Three new roses made their debut at last month’s Chelsea Flower Show and they’re real beauties.
David Austin Roses won another gold medal with a traditional rose garden provided the backdrop for the launch of varieties Emily Brontë, Tottering-by-Gently and The Mill on the Floss..
David Austin Jnr said: “Our roses work really well, even in smaller spaces such as planted in a large container on a patio.”
Here’s more on the new roses:
Emily Brontë: named to celebrate the bicentenary of the birth of the famous novelist.
The distinctive blooms are soft pink with a subtle apricot hue.
The central petals deepen to rich apricot and surround a button eye.
It flowers freely and almost continually from early summer into autumn.
The fragrance of the flower is strong, beginning as tea but becoming more old rose with hints of lemon and grapefruit.
It forms a tall, bushy shrub with strong, upright growth; the foliage is tinged red at first, later turning green. Size 4½ x 4ft.
Tottering-by-Gently: named to celebrate the 25th anniversary of Annie Tempest’s weekly cartoon, first published in Country Life in January 1994.
This variety’s beauty is found in the simplicity of its single bright yellow flowers and the spectacular display they create when viewed en masse.
Flowers have a light musky fragrance with fresh notes of orange peel. Size 4½ x 4½ft.
The Mill on the Floss: named after the novel by George Eliot.
A very free-flowering rose, bearing large clusters of small, neat, deeply cupped blooms.
Initially mid-pink, verging on lilac-pink, they pale as they open, the individual petals defined by carmine edges.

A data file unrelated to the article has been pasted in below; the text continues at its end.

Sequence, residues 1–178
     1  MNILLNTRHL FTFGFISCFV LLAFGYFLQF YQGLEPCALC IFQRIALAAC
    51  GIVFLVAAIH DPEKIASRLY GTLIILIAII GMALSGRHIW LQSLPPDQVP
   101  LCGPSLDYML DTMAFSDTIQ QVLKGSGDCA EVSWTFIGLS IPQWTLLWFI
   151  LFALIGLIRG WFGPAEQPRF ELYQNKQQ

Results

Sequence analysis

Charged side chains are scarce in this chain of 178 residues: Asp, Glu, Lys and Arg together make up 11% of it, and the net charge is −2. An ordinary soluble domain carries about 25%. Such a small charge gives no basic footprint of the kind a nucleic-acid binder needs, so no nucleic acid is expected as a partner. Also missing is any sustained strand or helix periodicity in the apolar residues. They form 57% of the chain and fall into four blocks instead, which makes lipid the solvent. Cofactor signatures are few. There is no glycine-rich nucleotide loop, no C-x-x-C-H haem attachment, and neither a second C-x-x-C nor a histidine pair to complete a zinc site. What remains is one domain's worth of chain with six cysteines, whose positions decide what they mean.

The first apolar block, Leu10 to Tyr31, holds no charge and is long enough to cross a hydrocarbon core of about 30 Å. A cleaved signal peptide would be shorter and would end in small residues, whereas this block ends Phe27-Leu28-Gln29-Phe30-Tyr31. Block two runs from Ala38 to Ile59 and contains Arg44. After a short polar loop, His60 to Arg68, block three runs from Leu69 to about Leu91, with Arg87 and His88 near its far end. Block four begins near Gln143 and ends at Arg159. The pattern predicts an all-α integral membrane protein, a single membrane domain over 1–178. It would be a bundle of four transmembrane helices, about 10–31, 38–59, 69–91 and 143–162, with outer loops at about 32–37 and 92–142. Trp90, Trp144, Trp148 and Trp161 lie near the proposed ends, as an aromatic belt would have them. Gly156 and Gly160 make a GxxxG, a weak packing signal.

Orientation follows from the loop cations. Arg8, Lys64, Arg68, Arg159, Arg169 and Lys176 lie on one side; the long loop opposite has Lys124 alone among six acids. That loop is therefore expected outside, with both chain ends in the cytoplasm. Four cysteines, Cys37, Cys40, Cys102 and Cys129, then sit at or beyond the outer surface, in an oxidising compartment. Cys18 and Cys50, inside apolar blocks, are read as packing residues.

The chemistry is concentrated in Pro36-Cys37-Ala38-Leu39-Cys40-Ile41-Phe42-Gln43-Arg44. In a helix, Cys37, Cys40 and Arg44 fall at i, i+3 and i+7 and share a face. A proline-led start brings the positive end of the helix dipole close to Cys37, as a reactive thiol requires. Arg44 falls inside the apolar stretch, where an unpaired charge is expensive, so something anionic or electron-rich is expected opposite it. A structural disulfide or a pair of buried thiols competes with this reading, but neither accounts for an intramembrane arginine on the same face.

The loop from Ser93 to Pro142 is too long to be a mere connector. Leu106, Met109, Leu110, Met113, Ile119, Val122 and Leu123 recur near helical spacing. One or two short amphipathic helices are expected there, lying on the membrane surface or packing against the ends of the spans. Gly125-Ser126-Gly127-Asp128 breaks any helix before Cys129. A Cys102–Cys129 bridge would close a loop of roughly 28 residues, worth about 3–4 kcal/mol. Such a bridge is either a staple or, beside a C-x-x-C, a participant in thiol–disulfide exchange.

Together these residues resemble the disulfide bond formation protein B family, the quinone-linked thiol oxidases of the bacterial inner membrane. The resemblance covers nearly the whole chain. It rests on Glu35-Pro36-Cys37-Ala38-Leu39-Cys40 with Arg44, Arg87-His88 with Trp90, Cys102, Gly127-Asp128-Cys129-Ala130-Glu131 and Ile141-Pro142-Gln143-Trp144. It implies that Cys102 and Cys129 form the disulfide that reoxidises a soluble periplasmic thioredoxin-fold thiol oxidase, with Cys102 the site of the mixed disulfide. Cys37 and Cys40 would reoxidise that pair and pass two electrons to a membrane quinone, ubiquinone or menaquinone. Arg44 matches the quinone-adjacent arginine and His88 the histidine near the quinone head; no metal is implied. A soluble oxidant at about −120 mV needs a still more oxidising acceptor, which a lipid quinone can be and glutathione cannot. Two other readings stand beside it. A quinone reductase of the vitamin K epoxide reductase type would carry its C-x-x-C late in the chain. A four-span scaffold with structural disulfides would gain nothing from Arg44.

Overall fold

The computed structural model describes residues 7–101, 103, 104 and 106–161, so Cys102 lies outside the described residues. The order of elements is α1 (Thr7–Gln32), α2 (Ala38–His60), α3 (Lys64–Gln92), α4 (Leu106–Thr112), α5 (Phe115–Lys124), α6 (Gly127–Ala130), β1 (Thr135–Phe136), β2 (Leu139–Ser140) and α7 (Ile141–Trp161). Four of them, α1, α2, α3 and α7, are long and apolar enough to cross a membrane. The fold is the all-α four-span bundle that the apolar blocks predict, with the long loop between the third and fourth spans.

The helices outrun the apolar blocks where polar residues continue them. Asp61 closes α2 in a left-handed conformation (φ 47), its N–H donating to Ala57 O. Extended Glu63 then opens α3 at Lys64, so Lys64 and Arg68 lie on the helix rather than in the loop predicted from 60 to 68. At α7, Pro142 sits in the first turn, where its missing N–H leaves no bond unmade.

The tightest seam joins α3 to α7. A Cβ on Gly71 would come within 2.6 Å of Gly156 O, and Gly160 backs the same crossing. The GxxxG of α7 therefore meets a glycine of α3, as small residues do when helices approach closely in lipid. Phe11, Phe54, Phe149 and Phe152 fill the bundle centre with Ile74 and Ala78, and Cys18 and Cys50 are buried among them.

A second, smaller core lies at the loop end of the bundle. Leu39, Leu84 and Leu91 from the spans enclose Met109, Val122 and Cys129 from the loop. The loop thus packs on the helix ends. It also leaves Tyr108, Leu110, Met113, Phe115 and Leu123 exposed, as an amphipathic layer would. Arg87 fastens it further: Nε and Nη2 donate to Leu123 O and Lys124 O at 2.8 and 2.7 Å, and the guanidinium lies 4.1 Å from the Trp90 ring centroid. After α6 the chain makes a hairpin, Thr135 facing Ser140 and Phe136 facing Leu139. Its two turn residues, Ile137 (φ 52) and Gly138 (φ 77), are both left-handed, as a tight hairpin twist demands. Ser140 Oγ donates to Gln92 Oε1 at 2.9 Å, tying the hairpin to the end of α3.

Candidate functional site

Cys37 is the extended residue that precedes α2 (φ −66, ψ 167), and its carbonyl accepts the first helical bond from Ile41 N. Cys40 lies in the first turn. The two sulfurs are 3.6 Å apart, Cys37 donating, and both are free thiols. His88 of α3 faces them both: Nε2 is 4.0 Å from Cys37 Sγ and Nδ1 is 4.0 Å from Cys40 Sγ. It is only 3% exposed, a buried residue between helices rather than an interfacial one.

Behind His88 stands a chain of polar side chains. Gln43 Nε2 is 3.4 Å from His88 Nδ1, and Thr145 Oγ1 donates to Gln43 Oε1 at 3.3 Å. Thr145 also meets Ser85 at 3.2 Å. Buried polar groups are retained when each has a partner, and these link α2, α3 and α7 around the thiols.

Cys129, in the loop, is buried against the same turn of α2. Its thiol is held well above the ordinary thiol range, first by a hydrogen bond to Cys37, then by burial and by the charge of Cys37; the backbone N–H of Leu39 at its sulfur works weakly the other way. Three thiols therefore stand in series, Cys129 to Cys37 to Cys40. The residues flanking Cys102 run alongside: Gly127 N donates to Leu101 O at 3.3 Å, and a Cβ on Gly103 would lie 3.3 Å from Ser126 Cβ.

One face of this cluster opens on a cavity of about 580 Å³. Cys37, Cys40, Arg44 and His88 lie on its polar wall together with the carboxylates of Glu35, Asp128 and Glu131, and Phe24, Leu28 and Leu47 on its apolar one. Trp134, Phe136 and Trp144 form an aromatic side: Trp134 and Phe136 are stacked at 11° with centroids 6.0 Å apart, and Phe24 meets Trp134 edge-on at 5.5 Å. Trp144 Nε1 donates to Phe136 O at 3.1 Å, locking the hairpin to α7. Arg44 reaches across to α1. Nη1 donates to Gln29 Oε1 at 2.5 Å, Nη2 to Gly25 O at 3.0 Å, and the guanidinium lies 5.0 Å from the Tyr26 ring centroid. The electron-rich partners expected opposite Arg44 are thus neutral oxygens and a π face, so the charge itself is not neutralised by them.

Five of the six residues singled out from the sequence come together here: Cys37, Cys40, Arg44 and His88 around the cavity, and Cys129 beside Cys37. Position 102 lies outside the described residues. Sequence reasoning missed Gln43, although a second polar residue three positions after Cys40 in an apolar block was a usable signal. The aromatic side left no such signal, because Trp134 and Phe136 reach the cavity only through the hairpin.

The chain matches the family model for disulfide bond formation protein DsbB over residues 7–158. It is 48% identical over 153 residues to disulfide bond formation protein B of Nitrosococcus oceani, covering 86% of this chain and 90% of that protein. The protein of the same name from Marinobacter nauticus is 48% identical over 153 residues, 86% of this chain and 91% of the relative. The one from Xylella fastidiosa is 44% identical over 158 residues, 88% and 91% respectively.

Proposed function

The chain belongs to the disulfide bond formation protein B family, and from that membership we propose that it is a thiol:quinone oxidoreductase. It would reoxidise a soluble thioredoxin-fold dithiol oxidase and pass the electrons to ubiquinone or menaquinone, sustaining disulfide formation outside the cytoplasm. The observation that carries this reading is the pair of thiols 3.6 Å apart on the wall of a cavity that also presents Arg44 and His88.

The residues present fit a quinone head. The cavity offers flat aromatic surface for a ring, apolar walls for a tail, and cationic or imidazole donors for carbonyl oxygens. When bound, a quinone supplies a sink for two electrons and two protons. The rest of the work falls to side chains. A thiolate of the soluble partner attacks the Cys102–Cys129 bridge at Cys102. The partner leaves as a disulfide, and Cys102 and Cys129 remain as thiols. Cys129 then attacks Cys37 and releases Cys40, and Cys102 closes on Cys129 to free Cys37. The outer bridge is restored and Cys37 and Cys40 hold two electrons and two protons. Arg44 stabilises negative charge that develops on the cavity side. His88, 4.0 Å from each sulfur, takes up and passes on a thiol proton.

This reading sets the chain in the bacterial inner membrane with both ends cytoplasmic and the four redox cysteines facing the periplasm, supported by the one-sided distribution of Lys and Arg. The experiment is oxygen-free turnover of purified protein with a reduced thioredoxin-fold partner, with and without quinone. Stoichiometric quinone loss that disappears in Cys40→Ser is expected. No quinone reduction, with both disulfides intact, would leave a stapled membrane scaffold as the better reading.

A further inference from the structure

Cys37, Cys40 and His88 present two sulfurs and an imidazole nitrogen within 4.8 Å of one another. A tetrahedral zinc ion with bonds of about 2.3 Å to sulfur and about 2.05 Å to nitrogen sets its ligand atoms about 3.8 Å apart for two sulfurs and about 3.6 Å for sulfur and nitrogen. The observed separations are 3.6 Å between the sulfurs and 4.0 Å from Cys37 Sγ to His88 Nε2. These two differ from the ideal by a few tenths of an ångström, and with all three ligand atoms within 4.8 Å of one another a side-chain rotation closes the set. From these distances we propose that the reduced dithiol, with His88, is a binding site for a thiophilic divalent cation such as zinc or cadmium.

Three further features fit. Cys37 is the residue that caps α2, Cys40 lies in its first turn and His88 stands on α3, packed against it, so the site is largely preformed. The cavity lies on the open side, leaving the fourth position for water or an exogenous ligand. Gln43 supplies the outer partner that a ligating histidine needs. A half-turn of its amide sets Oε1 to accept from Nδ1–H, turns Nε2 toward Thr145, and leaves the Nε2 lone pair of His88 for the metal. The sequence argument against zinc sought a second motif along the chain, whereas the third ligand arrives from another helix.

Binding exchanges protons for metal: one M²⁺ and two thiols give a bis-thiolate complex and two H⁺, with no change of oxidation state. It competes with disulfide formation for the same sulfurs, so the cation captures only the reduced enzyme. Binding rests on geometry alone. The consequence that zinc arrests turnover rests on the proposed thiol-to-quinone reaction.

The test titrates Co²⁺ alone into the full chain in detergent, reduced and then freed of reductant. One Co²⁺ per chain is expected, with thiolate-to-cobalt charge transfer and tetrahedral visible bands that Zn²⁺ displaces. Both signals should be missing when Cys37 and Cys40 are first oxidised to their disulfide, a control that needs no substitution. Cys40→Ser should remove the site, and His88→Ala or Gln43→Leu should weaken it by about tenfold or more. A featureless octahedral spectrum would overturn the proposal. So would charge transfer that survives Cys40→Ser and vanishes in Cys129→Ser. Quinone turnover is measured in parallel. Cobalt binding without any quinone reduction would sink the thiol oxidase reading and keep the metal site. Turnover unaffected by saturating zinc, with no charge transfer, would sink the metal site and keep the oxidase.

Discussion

There is a sweet, fruity fragrance, size 4½ x 4ft.
Bare root roses cost £21 plus package and posting, potted roses are £27 plus P&P, visit www.davidaustinroses.co.uk, freephone order line 0800 111 4699.
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JOBS FOR THE WEEKEND
Runner beans need well-prepared ground and suitable supports (I use a frame of New Zealand flax flower stalks) for the shoots to twine around and grow upwards.
Don’t forget to give greenhouse plants more space as they put on new growth. This will help to prevent disease, and to contain early pest infestations.
Perennials such as hollyhocks, delphiniums and lupins can be sown directly into drills outside. If space is limited, sow them into pots and place them in a cold frame or by the base of a sheltered wall in filtered sunlight.
Hellebore seed can be harvested once the seed heads have ripened. Sow immediately, while fresh – they need a winter’s cold season to break their dormancy. Seed-grown plants will differ from the parent.
Spreading and trailing plants, can become tatty – trim them back after flowering encourages fresh growth and new flowers.
Tackle bindweed when it appears in a border.
Stake tall perennials to prevent wind damage to flower spikes.
Inspect lilies for red lily beetle and crush them.
Tie in climbing and rambling roses as near to horizontal as possible. This will encourage side shoots to grow along the length of stem, for more flowers.
In wet areas, plant container trees and shrubs. In dry districts, wait until autumn.
Ward off carrot fly by covering plants with a fine woven plastic mesh like Enviromesh.
Net cherries against birds, keep protection in place for all soft fruit.